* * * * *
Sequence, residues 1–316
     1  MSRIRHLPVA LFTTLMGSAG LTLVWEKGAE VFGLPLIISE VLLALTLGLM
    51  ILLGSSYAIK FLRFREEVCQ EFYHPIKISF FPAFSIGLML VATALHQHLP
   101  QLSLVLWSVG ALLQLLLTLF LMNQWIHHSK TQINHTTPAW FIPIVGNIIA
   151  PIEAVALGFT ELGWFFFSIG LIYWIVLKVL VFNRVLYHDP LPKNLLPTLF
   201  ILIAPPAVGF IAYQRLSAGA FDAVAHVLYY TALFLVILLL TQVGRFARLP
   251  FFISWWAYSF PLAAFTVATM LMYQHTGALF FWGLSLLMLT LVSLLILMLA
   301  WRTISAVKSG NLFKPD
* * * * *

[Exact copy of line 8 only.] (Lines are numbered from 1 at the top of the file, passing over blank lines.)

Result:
   301  WRTISAVKSG NLFKPD